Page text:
beauty, grace, or splendour, which his lavish imagination pours around with profuse magnificence. It has, too,

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with the exception of some of Shylock's scenes of fiercer passion, in its language and train of thought something inore of the tone of ethical poetry than of the drama. I do not point out these as any evidences of inferiority in this piece: they are rather to be regarded as proofs of the variety and extent of the author's genius. If he is here less like the Shakespeare of his own greater dramas, it is because he often reminds us more, at times, of Jeremy Taylor, and at other times of Edmund Spenser, than he does of himself.


The story of the MERCHANT OF Venice, so far as relates to the stipulated pound of flesh, is one of the many traditionary narratives which has travelled round the world, re-appearing in varied forms, in different ages, countries, and languages. There is good reason to believe that it is originally of Oriental origin, and that it passed, with other things of the same sort, through monkish Latin literature, (and especially through the popular collection of the Gesta Romanorum,) into Italian and English legends, romance, and poetry. Mr. Collier, in his“ Introduction" to this play, thus sums up the European literary history of this story, and that of the caskets :

“ The two plots of the Merchant of Venice are found as distinct novels in various ancient foreign authorities, but no English original of either of them, of the age of Shakespeare, has been discovered. That there were such originals is highly probable, but if so they have perished with many other relics of our popular literature. Whether the separate incidents, relating to the bond and to the caskets, were ever combined in the same novel at all as Shakespeare combined them in his drama, cannot of course be determined. Stevens asserts broadly, that a play comprehending the distinct plots of Shakespeare's MERCHANT OF VENICE, had been exhibited long before he commenced a writer;' and the evidence he adduces is a passage from Gosson's. School of Abuse,’ (1579,) where he especially praises two plays showne at the Bull,' one called The Jew,' and the other • Ptolome:' of the former Gosson states, that it“ represented the greedinesse of worldly chusers, and bloody minds of usurers.' (Shakespeare Society's Reprint, p. 30.) The terms, worldly chusers,' may certainly have reference to the choice of the caskets; and the conduct of Shylock may very well be intended by the words, bloody minds of usurers. It is possible, therefore, that a theatrical performance should have existed, anterior to the time of Shakespeare, in which the separate plots were united; and it is not unlikely that some novel had been published which gave the same incidents in a narrative form. On the whole,' says the learned and judicious Tyrwhitt, 'I am inclined to suspect that Shakespeare followed some hitherto-unknown novelist, who had saved him the trouble of working up the two stories into one.'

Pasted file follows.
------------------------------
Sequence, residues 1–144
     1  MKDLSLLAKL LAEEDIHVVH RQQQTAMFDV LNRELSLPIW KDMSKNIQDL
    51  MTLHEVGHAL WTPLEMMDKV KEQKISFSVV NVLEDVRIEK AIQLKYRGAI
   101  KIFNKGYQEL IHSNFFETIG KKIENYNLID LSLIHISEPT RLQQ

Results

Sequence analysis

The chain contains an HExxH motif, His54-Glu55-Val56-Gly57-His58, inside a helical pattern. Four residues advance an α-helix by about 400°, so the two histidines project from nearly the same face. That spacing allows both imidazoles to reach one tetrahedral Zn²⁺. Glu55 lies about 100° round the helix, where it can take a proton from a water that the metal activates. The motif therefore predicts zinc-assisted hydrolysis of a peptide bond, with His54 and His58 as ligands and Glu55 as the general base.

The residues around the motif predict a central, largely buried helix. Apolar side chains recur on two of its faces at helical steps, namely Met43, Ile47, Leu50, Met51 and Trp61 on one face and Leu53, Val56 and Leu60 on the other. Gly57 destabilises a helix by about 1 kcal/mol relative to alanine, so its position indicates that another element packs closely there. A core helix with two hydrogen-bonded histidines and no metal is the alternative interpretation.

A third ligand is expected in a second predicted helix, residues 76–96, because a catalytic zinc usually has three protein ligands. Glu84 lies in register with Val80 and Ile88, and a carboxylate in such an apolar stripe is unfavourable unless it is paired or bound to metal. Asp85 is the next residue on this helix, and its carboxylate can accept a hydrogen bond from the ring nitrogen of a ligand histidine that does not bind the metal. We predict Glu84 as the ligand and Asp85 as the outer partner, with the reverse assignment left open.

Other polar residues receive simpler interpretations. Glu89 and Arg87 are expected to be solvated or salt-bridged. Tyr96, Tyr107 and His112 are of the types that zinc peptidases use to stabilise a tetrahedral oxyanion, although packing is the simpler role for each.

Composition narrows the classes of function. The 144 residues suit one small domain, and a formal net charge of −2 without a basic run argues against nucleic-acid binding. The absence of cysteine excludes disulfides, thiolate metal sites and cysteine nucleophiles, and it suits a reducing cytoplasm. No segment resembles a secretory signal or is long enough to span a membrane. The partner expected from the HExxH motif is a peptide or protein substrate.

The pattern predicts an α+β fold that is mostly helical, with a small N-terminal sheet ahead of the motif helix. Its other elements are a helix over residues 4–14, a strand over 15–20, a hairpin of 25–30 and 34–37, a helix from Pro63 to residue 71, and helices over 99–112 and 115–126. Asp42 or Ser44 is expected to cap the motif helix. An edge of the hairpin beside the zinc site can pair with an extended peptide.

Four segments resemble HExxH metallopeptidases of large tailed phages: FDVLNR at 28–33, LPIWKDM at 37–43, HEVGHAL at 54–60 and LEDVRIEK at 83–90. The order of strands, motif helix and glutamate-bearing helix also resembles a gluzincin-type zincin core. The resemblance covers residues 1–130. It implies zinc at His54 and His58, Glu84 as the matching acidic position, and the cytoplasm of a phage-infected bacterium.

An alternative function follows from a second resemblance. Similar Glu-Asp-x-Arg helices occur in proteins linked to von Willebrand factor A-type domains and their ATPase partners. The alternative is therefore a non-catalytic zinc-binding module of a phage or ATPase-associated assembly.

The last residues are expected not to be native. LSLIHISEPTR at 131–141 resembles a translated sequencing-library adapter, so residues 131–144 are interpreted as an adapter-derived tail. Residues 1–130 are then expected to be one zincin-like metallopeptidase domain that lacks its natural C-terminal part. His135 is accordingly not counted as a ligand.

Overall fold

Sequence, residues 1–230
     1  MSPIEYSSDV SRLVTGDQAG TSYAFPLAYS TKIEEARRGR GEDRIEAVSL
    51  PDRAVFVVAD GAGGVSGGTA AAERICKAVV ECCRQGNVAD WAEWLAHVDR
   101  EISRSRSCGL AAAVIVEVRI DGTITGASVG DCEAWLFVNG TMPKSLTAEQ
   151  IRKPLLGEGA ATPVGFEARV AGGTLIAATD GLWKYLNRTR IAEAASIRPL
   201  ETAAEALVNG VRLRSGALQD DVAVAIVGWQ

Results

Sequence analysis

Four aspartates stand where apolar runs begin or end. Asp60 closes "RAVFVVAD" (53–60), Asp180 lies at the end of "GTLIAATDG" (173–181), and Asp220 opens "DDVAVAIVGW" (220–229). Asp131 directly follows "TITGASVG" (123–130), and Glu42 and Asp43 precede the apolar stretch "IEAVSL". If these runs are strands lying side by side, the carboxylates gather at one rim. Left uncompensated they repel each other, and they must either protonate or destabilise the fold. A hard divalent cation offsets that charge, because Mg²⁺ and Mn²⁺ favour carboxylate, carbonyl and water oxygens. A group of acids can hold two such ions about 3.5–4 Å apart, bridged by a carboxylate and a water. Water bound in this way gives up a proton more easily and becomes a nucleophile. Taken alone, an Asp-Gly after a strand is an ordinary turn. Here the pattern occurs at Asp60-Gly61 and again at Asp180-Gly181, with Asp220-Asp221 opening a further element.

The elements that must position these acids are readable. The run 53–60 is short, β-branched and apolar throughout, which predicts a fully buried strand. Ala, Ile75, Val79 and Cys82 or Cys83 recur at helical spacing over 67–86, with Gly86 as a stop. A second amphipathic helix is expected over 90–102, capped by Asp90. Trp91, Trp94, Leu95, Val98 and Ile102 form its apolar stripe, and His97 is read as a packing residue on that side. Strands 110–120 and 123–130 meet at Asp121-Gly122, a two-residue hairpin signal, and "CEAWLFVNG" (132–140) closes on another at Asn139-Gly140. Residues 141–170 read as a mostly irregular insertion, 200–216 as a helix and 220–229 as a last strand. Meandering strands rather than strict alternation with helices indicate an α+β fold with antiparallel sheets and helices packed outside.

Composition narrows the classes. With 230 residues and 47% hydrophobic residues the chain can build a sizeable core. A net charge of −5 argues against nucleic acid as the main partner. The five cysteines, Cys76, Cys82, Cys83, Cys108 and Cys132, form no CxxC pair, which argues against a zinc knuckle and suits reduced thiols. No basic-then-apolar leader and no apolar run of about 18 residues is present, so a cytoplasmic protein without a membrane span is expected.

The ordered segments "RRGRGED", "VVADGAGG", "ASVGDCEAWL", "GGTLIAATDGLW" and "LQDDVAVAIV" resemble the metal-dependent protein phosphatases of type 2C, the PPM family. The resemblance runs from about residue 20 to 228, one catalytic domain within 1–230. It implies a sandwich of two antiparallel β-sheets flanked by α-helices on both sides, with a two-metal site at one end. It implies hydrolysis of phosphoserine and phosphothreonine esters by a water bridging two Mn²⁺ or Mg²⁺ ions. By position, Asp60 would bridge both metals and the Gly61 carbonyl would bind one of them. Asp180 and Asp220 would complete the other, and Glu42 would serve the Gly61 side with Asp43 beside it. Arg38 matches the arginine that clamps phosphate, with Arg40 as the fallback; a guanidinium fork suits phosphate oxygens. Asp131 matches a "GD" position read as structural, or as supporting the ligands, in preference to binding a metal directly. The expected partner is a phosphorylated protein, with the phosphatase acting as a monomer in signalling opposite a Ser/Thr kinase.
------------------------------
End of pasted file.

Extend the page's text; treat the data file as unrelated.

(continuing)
“Both stories (that of the bond, and that of the caskets) are found separately in the Latin Gesta Romanorum, with considerable variations. The Pecorone of Giovanni Fiorentino contains a novel very similar to that of the Merchant of VENICE, with respect to the bond, the disguise and agency of Portia, and the gift of the ring. This uarrative (Giorn. iv. nov. 1) was written as early as the year 1378, but not printed in Italy until 1554; and it is remarkable that the scene of certain romantic adventures, in which the hero was engaged, is there laid in the dwelling of a lady at Belmont. These adventures seem afterwards to have been changed, in some English version, for the incidents of the caskets. In Boccaccio's Decameron (Giorn. X. nov. 1) a choice of caskets is introduced, but it does not in other respects resemble the choice as we find it in Shakespeare; while the latter, even to the inscriptions, is extremely like the history in the Gesta Romanorum.

“ The earliest notice in English, with a date, of any circumstances connected with the bond and its forfeiture, is contained in ‘The Orator: handling a hundred several Discourses,' a translation from the French of Alexander Silvayn, by Anthony Munday, who published it under the name of Lazarus Piot, in 1596, 4to. There, with the head of “Declamation 95,' we find one • Of a Jew, who would for his debt have a pound of flesh of a Christian ;' and it is followed by The Christian's Answer,' but nothing is said of the incidents, out of which these declamations arose. Of the old ballad of. The Crueltie of Gernutus, a Jewe,' in . Percy's Reliques,' no dated edition is known; but most readers will be inclined to agree with Warton, (Observations on the Faerie Queene," I. 128,) that it was not founded upon Shakespeare's play, and was anterior to it: it might owe its origin to the ancient drama of · The Jew,' mentioned by Gosson.”—COLLIER.

Most of the materials of the plot may be found, more at large, collected in Collier's Shakespeare Library, vol. II. I have nothing to add to the literary researches of the English editors, but I cannot but submit to the readers of this edition a conjecture of my own, as to the reasons which may have led to the choice of this particular subject, or at least primarily suggested it to the author's mind.